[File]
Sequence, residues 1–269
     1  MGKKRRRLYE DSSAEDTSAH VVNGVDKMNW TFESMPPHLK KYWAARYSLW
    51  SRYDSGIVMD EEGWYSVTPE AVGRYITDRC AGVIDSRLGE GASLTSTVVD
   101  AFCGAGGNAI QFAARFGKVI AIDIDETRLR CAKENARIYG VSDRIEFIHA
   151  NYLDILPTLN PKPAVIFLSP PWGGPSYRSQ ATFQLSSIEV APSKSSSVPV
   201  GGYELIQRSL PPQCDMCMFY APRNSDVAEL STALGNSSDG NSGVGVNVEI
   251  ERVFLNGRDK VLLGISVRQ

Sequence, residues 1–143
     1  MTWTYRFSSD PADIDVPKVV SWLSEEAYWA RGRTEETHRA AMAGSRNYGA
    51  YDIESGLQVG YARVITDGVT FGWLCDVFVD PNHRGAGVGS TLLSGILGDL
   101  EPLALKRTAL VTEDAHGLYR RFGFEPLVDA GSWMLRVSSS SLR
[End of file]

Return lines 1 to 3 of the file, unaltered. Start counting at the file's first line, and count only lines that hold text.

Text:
Sequence, residues 1–269
     1  MGKKRRRLYE DSSAEDTSAH VVNGVDKMNW TFESMPPHLK KYWAARYSLW
    51  SRYDSGIVMD EEGWYSVTPE AVGRYITDRC AGVIDSRLGE GASLTSTVVD